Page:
Osaka, Japan – Scientists from the Department of Mechanical Engineering at Osaka University introduced a method for manufacturing complex microrobots driven by chemical energy using in situ integration. By 3D-printing and assembling the mechanical structures and actuators of microrobots inside a microfluidic chip, the resulting microrobots were able to perform desired functions, like moving or grasping. This work may help realize the vision of microsurgery performed by autonomous robots.
As medical technology advances, increasingly complicated surgeries that were once considered impossible have become reality. However, we are still far away from a promised future in which microrobots coursing through a patient’s body can perform procedures, such as microsurgery or cancer cell elimination. Although nanotech methods have already mastered the art of producing tiny structures, it remains a challenge to manipulate and assemble these constituent parts into functional complex robots, especially when trying to produce them at a mass scale. As a result, the assembly, integration and reconfiguration of tiny mechanical components, and especially movable actuators driven by chemical energy, remains a difficult and time-consuming process.
Now, a team of researchers, including Morishima and Wang at Osaka University, Hiratsuka at Japan Advanced Institute of Science and Technology (JAIST), and Nitta at Gifu University, developed a new method for 3D-printing microrobots with multiple component modules inside the same microfluidic chip. Soft microrobot structures are produced by shining laser light to harden a photo-inducible biocompatible hydrogel, poly (ethylene glycol) diacrylate. “Recently, microrobot development has been transitioning from hard and rigid structures to soft and flexible architectures” first author Yingzhe Wang says. The stepwise process was simplified and streamlined compared with previous methods by assembling the different modules in place, or “in situ”.
The team’s “assembly line” approach permitted them to combine various modules, such as joints, grippers, or artificial muscles, into a single device. The successful integration of different functions may for a wide variety of microrobots with scalable mass production. For this work, the researchers demonstrated several different types, including a gripper, a fish, and a robot arm. “Our in situ integration of actuators and mechanical structures improved the flexibility and efficiency of microrobot fabrication, which may help realize the currently difficult problem of mass production,” senior author Keisuke Morishima says. In addition to healthcare applications, these robots can also help in the fabrication of yet more complex robots, by acting as microfluidic valve or manipulators.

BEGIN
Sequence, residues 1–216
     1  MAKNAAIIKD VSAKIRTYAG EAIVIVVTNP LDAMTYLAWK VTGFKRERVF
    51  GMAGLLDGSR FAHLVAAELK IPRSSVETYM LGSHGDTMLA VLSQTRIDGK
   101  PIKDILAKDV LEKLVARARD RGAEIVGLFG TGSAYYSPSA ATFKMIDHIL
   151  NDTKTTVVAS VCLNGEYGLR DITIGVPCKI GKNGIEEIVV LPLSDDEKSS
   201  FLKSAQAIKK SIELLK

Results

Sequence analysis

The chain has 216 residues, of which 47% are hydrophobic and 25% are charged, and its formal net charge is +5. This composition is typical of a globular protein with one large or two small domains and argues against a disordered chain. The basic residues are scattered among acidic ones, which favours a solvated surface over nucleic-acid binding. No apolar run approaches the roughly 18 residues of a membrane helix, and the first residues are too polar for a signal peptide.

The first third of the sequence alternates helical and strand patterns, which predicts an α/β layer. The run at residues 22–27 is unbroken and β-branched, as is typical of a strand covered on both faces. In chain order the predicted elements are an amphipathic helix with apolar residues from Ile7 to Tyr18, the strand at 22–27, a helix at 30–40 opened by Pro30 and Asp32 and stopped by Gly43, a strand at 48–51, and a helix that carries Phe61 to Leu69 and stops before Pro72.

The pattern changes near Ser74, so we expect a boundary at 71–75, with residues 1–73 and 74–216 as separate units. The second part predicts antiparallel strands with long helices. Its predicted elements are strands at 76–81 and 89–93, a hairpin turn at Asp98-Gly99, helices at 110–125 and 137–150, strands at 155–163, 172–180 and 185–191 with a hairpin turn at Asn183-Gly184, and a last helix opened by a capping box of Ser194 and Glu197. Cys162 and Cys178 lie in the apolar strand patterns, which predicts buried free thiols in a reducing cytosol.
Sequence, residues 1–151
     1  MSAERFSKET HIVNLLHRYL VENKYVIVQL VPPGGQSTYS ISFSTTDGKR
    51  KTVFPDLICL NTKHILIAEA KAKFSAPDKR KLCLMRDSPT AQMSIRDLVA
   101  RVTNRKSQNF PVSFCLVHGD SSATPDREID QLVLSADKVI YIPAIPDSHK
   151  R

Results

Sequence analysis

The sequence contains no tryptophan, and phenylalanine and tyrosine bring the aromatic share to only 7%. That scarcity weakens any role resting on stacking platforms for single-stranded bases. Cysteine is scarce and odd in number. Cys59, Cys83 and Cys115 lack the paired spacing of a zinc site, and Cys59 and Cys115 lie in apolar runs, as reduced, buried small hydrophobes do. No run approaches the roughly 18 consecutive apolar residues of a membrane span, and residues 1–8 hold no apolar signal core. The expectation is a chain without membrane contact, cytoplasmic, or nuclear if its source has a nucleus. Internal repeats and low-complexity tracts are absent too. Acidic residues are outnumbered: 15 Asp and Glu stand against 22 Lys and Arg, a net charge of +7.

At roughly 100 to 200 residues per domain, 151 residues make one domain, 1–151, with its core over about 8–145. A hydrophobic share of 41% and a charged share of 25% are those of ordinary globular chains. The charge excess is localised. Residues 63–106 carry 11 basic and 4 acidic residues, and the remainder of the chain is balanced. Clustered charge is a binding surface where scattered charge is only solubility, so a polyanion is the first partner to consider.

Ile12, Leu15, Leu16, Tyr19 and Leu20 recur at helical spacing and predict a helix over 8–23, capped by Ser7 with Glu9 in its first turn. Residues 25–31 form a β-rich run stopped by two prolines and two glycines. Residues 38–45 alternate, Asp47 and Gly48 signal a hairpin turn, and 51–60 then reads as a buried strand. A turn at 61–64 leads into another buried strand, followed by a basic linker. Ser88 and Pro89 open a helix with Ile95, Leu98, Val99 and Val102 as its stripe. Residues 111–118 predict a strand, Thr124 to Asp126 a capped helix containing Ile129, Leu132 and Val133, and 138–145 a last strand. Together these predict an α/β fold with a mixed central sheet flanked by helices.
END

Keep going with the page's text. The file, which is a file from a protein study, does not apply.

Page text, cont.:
The article, “In situ integrated microrobots driven by artificial muscles built from biomolecular motors” was published in Science Robotics at DOI: https://www.science.org/doi/10.1126/scirobotics.aba8212.
About Osaka University
Osaka University was founded in 1931 as one of the seven imperial universities of Japan and is now one of Japan's leading comprehensive universities with a broad disciplinary spectrum. This strength is coupled with a singular drive for innovation that extends throughout the scientific process, from fundamental research to the creation of applied technology with positive economic impacts. Its commitment to innovation has been recognized in Japan and around the world, being named Japan's most innovative university in 2015 (Reuters 2015 Top 100) and one of the most innovative institutions in the world in 2017 (Innovative Universities and the Nature Index Innovation 2017). Now, Osaka University is leveraging its role as a Designated National University Corporation selected by the Ministry of Education, Culture, Sports, Science and Technology to contribute to innovation for human welfare, sustainable development of society, and social transformation.
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In situ integrated microrobots driven by artificial muscles built from biomolecular motors
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